It’s finally time for Minnesota’s most important holiday: the boys’ state high school hockey tournament, which begins at 11:00 on Wednesday. Needless to say, there’s plenty of reason for excitement.
You can find me covering the Tourney in lots of places:
Cold Omaha podcast preview with Danny Ryan, Tony Scott of Youth Hockey Hub, and myself: https://audioboom.com/boos/4240868-2-28-16-high-school-hockey-podcast
Predictions with State of Hockey News: http://stateofhockeynews.com/2016-articles/2016-minnesota-boys-state-high-school-hockey-tournament-preview.html
Longer updates, press conference commentary, and arguments with random anonymous people on the Forum: http://www.ushsho.com/forums/viewforum.php?f=32
Also, check out the Dave LaVaque’s Star Tribune story on Wednesday about the 20th anniversary of the Greatest Game Ever Played, the five-overtime affair between Duluth East and Apple Valley in 1996. I had a minor assist in its creation.
Finally, you can also find me (and a few other Forum members) at McGovern’s on Saturday afternoon after the Class A championship game. Come join the party if you’re around.
To whet your appetite, here are some of this tournament’s biggest storylines:
Who are these people, anyway? No Edina. No Duluth East. No Hill-Murray. No Moorhead or Roseau. You have to go back to 1954 to find the last Tourney without one of those five. Even Lakeville North, which has become a regular and seemed a safe pick to come out of 1AA, is nowhere to be found. This AA field is a mix of throwbacks and newbies, with Eden Prairie being the only real regular entrant in recent years. Grand Rapids, celebrating its 15th berth, is the most regular entrant, but this is only their third of the two-class era, meaning they’ve finally caught up with Rochester Century on that front. (Sorry, Thunderhawks, we wounded Hounds have to get our digs in here and there.) The Halloween Machine is back for the first time in nine years, as is 80s power Burnsville; Anoka, whose best years were in the late 90s and early 2000s, has also unexpectedly crashed the party. On the other end of the spectrum, Farmington makes its AA debut, while Stillwater is suddenly among the favorites in its second State trip.
Can Anyone Stop the Hawks? If the AA field is highly unpredictable, A is just the opposite: Hermantown is a clear favorite, and would seem to be on a collision course with Breck in the final. If ever there were a time for the Hawks to end their long run of second-place finishes, it’s this year—though, of course, I said that last year, too. Barring a Thief River Falls upset of Breck, Hermantown’s road to the title will also go through two private schools, which would really be a nice touch for our old friend Bruce Plante. Hermantown has come a long way in the past few years, going from a plucky upstart trying to hang with St. Thomas to the goliath of Class A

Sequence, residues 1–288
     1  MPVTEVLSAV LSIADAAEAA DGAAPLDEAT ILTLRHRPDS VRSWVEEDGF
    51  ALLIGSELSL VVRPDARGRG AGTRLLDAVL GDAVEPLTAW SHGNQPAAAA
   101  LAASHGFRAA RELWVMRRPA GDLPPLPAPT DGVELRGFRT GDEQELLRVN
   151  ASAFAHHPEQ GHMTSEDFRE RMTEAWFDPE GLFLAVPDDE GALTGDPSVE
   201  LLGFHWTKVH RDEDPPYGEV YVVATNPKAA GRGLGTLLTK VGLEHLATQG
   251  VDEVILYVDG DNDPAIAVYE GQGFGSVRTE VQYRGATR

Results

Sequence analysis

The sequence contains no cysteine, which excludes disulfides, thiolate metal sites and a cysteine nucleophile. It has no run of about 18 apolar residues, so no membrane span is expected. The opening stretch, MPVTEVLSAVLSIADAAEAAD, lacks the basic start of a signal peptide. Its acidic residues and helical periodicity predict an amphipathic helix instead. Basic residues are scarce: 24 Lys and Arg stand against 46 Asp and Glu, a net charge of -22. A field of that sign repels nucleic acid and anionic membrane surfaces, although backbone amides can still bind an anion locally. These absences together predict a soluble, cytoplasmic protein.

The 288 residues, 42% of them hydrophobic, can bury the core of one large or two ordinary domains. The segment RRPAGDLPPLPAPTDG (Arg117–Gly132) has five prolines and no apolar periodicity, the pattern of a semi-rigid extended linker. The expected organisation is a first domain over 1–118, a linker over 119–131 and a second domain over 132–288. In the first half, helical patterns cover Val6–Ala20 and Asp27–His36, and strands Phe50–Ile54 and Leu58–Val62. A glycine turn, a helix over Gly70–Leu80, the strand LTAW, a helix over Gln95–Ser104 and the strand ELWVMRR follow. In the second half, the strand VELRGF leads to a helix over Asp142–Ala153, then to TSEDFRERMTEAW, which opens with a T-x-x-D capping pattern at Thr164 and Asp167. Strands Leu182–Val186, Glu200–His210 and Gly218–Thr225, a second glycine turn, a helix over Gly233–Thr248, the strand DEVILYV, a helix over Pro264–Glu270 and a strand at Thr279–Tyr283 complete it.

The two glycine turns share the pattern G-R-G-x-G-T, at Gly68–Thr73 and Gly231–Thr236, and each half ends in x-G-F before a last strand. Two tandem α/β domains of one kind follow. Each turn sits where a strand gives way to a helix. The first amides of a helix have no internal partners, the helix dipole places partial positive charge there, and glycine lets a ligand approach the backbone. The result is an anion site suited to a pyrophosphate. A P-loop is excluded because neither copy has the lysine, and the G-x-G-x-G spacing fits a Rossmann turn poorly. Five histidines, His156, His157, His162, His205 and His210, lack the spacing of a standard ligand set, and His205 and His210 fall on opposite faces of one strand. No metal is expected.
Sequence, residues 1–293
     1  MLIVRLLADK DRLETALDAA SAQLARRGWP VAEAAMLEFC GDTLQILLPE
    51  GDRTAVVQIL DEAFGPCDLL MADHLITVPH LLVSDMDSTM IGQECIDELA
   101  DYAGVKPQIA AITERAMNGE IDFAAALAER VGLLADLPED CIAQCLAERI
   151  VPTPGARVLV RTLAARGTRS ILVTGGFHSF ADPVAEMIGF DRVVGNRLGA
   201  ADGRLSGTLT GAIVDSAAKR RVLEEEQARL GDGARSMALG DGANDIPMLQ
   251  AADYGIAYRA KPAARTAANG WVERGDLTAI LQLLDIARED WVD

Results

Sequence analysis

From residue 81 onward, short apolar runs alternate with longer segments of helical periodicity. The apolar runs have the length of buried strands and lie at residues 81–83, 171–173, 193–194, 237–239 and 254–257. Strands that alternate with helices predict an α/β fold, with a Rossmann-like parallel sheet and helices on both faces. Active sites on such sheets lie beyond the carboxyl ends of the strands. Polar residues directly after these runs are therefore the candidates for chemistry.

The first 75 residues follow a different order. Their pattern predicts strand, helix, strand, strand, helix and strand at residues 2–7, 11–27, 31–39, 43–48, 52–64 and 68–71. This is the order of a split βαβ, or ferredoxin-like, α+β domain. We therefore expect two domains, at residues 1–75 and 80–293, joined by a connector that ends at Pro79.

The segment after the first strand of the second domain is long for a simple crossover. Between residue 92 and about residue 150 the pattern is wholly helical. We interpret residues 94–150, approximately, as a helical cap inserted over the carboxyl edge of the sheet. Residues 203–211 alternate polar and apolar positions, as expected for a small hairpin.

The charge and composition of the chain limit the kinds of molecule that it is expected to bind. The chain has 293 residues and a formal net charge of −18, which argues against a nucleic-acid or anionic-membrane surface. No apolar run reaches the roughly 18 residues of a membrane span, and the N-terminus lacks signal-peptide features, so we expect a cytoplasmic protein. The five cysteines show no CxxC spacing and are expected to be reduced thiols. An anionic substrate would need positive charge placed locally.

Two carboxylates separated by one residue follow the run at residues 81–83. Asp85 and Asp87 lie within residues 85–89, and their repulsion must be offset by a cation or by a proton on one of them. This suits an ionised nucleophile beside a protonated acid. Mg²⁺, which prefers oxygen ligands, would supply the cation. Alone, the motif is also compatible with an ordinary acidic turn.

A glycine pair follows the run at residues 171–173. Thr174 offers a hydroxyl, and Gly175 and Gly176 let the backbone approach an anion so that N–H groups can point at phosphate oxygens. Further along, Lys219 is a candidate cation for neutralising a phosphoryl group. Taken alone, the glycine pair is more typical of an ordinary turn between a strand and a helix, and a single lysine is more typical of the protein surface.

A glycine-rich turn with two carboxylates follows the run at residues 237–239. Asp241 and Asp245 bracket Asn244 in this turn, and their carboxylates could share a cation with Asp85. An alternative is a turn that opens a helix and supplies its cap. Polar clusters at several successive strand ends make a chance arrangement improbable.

Casey Time This year’s whacky section playoffs drained the Tourney of some of the state’s top talents, but one will be there in primetime: Casey Mittelstadt of Eden Prairie, the top player in the state and arguably the best in his age group in the nation. His talented Eagle team hasn’t always jelled, so if they are to win a third AA title in eight years, it’s likely on the shoulders of the junior Gopher recruit. There’s some debate over whether Eden Prairie deserved the top seed, but in a Tourney with no Edina or private schools, they’re certainly the ones with the targets on their backs.
Debuts on the Big Stage The less predictable Tourney field means the state will get a chance to see many of the top players who might not get as much recognition on the regular circuit of top teams. Isaac Johnson of Anoka is one of the state’s top juniors, while Farmington defenseman Tyler Jette got a Mr. Hockey finalist nomination as something of a sleeper. Ethan Johnson is the heart and soul of Thief River Falls, and the Prowlers will have to ride him as far as they can. Even Stillwater’s stars, such as the Cates brothers and Jesse Bjugstad, should get a little more attention than they did while steamrolling through the weak Suburban East Conference.
Late-Night Intrigue The best two quarterfinals, as is often the case, look to be the late night battles between the 4 and 5 seeds. In Class A, it’s a clash between two private schools that look pretty similar on paper, with debutant St. Paul Academy squaring off against surging St. Cloud Cathedral. In AA, where the privates have been shut out of the field for the third time in six years, we have an all-North battle, as Bemidji and Grand Rapids collide. This one should be great, even if it deprives the North of two cracks at the crown, and sets up a potential classic between the winner and Eden Prairie on Friday night. (Is there anything better than North vs. Metro on a Friday night?) It’s an excellent clash in styles, as Bemidji’s depth and steady defense collides with Rapids’ star power.
Enjoy the Tournament, follow along, and I’ll do my best to share my thoughts as I make my way through this crazy, fantastic week. See you at the X!